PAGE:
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02-06: Indonesia's 'one map' policy: Does it live up to its potential?
Governance effectiveness evaluation and cost benefit analysis of one map policy delivery institutions at the sub-national level in Indonesia
1World Resources Institute (WRI) Indonesia; 2Geospatial Information Agency (BIG) of the Government of Republic of Indonesia
Indonesian national and sub-national government agencies produce their own maps, resulting in overlapping claims, land conflicts and hindering sustainable development. To address this, the government aims to compile, integrate and synchronize 85 thematic maps, involving 19 national agencies and 34 provincial governments through One Map Policy acceleration by 2019. Geospatial Information Agency is responsible to develop spatial data infrastructure, mandating national and sub-national government agencies to establish data management institution. The agency has commissioned research to evaluate governance effectiveness and conduct cost-benefit analysis on institutional arrangement alternatives at provincial level. Using a mix of qualitative criteria evaluation with quantitative weighting method, the analysis founded 15-year net present value of Governor’s Secretary (USD 137 Million) and separate Implementing Unit (USD 178 Million) as institutions with highest performance ratings. Investment and coordination factors show that the former could serve as short-term (quick win) alternative while preparing the latter as long-term (ideal) solution.
Mapping indigenous land: lesson learned from One Map Initiative in Indonesia
World Resources Institute Indonesia, Indonesia
The idea of One Map comes from the lack of integrated and synchronized geospatial data on land ownership and land use sector across Indonesia. The objective of this paper is to extract lessons learned of the process in an indigenous village in Riau, Sumatra where their settlements are declared as part of a Wildlife Reserve. The study suggests implementing an ideal inclusive, sustainable, and accountable One-Map in village level would require a greater emphasis on (1) a different community engagement approach to make all social class and gender within the community equally participate, (2) an incorporation of environmental impact assessment for land use planning, and, in context of One Map in forest area, (3) a mutual understanding among institutions about One Map and their support on sustainable practices.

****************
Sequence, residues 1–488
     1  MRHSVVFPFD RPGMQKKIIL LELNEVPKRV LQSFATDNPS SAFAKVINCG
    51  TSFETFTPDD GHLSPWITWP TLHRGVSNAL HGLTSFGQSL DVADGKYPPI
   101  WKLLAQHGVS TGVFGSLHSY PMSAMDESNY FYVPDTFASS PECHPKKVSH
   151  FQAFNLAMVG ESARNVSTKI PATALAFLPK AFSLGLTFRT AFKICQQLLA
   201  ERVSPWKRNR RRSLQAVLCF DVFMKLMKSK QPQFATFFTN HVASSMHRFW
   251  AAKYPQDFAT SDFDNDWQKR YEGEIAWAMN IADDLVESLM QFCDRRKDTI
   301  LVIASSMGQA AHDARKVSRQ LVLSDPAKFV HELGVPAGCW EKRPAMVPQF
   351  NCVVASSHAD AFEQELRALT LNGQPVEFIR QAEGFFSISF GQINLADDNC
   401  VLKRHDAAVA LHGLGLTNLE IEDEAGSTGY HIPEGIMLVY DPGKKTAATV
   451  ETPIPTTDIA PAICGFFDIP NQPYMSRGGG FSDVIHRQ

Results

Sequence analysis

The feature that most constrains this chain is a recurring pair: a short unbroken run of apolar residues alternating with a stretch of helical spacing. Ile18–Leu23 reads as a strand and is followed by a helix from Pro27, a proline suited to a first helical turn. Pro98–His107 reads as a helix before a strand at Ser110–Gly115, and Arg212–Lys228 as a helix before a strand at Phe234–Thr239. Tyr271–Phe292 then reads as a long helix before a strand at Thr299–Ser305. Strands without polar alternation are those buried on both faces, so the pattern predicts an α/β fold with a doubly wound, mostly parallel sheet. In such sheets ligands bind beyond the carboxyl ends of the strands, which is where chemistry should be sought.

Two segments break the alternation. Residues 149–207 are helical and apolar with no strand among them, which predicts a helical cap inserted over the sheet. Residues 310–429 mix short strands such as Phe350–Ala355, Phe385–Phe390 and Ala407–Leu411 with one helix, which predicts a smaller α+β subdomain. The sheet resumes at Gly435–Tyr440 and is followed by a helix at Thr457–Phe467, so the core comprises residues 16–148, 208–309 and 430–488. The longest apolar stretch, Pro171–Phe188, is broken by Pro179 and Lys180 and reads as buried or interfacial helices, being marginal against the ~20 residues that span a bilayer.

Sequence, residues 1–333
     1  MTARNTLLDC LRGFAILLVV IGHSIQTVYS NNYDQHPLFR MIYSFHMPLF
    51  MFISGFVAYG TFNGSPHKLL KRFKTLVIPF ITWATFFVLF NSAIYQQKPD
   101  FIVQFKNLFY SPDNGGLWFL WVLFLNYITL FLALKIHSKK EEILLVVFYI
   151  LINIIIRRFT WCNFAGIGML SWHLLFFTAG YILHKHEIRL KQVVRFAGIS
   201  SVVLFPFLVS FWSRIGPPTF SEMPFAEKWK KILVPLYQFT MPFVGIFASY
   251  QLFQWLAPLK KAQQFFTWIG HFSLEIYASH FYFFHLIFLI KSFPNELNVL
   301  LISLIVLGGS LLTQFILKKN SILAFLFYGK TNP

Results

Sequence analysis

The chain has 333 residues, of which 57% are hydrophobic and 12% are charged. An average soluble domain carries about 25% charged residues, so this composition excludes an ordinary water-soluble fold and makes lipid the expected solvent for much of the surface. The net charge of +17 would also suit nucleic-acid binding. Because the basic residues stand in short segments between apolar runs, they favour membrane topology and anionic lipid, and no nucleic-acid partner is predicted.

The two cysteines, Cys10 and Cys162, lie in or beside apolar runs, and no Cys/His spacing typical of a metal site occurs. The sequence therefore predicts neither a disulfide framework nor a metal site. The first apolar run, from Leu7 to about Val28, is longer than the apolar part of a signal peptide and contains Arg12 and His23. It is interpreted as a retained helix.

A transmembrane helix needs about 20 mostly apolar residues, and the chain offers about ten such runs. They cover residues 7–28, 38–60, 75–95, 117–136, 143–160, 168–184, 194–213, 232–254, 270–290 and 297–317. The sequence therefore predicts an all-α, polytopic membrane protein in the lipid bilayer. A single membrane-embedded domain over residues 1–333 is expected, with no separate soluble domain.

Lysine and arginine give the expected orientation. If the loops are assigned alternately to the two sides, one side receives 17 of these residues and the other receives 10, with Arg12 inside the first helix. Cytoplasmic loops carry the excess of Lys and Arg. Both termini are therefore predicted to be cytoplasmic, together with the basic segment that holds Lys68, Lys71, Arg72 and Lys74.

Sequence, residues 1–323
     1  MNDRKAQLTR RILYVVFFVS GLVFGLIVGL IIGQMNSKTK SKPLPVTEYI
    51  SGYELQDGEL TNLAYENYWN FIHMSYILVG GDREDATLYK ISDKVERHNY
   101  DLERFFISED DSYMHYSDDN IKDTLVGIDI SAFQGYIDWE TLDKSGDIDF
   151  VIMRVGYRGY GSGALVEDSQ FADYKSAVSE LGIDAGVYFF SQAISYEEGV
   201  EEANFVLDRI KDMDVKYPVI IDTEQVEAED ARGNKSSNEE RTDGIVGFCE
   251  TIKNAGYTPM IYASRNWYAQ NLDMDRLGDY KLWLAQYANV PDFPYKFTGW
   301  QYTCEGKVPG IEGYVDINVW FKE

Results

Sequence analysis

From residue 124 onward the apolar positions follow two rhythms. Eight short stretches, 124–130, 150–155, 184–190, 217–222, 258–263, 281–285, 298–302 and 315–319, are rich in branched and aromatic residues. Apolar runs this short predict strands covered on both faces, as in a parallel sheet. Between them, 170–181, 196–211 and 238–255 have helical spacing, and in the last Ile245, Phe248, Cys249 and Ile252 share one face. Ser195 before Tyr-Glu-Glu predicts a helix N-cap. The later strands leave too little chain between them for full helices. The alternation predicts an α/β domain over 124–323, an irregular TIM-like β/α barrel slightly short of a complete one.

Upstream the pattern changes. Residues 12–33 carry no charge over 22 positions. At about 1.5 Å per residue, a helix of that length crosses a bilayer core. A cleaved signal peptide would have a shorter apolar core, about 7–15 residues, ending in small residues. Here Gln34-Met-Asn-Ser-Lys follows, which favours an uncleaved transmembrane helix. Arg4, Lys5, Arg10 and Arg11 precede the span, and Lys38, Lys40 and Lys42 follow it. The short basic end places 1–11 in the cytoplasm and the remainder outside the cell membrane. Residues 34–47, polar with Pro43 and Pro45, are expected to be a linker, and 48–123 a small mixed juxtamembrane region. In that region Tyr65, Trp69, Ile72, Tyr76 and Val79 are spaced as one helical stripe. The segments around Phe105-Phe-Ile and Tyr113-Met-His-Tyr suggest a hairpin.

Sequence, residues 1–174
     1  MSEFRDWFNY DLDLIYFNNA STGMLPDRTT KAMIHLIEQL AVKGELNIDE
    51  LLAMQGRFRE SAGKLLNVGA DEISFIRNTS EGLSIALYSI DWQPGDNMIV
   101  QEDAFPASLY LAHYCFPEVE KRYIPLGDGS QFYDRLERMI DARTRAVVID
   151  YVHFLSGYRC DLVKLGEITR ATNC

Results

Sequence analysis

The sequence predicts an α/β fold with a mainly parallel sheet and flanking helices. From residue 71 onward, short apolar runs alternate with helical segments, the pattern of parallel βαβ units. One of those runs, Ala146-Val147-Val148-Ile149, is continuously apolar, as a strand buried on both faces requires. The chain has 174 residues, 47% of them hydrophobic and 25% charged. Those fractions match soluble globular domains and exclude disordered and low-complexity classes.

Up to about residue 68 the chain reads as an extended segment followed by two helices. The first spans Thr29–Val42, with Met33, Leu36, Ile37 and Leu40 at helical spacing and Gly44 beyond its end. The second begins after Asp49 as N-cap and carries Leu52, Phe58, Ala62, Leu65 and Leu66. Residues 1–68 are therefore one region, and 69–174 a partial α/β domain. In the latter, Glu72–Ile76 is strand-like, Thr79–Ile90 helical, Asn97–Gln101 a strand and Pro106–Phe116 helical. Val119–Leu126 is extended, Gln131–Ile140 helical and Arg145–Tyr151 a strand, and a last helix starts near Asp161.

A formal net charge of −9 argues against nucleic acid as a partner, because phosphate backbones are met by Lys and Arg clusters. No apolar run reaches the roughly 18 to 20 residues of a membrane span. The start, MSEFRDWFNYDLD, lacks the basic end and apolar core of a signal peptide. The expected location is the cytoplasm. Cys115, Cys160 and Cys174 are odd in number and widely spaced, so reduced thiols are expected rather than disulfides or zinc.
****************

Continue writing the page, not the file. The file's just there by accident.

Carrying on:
Towards prosperity and sustainability: The progress of social forestry implementation in Indonesia
1WRI Indonesia, Indonesia; 2Lund University Centre for Sustainability Studies, Sweden; 3Coordinating Ministry of Economic Affairs, Indonesia
Social Forestry (SF) in Indonesia had embarked on a new, exciting phase under the Jokowi administration. Despite the government’s ambitious social forestry goal, there has been no robust evaluation framework to assess whether the SF initiative is progressing toward achieving the program’s intended objectives, i.e. 1) tenurial conflict resolution, 2) welfare improvement, and 3) forest protection. After an extensive desktop review, we developed fifteen evaluation indicators covering the environmental, socio-economic, and institutional aspects of SF management. We then tested out the evaluation framework in two SF locations in Sumatra, where we conducted random household surveys, interviews, and focused group discussions. SF implementation in both locations is generally able to protect the forest from threats while also improving communities’ welfare through forest-based income and environmental services. Yet, overlapping boundaries between the proposed and approved maps also remained, suggesting the complexities of SF implementation in Indonesia.